92. To leave our selves and posterity to a farther purchase in blood or sweat of that which we may presently possess, injoy, and hereafter bequeath to posterity in peace and glory, is inhuman and impious.

93. As certainly and suddenly as a good state of health dispels the peevishness and peril of sickness, dos a good state of government the animosity and danger of partys.

94. The frame of a commonwealth having first bin propos’d and consider’d, expedients (in cafe such should be found necessary for the safe, effectual, and perfect introduction of the same) may with som aim be apply’d or fitted; as to a house, when the model is resolv’d upon, we fit scaffolds in building. But first to resolve upon expedients, and then to fit to them the frame of a commonwealth, is as if one should set up props, and then build a house to lean upon them.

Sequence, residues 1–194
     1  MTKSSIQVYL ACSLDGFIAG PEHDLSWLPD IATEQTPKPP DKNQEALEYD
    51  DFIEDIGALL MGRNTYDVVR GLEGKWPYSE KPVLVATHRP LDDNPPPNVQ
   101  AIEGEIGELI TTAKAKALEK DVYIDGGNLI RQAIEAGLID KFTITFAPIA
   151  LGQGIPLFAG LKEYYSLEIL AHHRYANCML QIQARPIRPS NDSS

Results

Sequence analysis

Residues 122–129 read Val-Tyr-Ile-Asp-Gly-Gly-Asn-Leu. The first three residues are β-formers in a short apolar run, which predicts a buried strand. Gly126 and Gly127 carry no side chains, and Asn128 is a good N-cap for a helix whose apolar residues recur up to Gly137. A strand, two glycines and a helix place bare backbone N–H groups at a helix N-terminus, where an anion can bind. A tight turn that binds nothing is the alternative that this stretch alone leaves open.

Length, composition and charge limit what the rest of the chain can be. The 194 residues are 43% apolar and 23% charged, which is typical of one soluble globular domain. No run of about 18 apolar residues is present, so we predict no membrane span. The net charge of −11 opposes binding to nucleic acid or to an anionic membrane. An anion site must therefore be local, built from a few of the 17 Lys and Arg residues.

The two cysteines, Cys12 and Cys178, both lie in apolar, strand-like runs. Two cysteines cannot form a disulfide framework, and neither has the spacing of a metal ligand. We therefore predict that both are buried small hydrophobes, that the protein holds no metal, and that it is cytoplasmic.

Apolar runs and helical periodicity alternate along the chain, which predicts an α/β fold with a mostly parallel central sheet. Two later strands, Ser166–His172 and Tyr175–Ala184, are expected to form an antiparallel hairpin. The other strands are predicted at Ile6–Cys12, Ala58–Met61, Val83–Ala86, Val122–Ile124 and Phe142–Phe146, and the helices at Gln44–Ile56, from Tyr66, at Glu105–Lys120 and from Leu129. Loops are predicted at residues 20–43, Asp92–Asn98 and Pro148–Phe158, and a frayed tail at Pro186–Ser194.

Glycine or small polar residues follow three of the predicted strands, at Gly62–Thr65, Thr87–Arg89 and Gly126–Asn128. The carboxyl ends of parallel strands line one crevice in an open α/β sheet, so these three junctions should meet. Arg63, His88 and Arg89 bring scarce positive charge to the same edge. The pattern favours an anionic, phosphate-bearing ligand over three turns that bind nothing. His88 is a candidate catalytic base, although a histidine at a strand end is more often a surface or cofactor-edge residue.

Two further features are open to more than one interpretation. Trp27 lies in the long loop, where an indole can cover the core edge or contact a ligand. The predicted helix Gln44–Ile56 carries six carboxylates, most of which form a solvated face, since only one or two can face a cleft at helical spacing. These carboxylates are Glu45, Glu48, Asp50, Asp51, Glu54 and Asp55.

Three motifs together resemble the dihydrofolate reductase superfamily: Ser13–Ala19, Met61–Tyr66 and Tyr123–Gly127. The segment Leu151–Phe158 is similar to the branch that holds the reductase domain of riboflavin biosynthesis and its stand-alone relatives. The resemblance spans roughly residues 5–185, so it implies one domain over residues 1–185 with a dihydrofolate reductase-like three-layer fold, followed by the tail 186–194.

95. As the chief expedients in the building of a house are axes and hammers; so the chief expedient in the building of a government, is a standing army.

96. As the house which, being built, will not stand without the perpetual noise or use of axes and hammers, is imperfect; so is the government which, being form’d, cannot support it self without the perpetual use of a standing army.

97. While the civil and religious parts of a commonwealth are forming, there is a necessity that she should be supported by an army; but when the military and provincial parts are rightly form’d, she can have no farther use of any other army. Wherfore at this point, and not till then, her armys are by the practice of commonwealths, upon slighter occasions, to have half pay for life, and to be disbanded.

98. Where there is a standing army, and not a form’d government, there the army of necessity will have dictatorian power.

99. Where an army subsists upon the pay or riches of a single person, or of a nobility, that army is always monarchical. Where an army subsists not by the riches of a single person, nor of a nobility, that army is always popular.

100. The English armys are popular armys.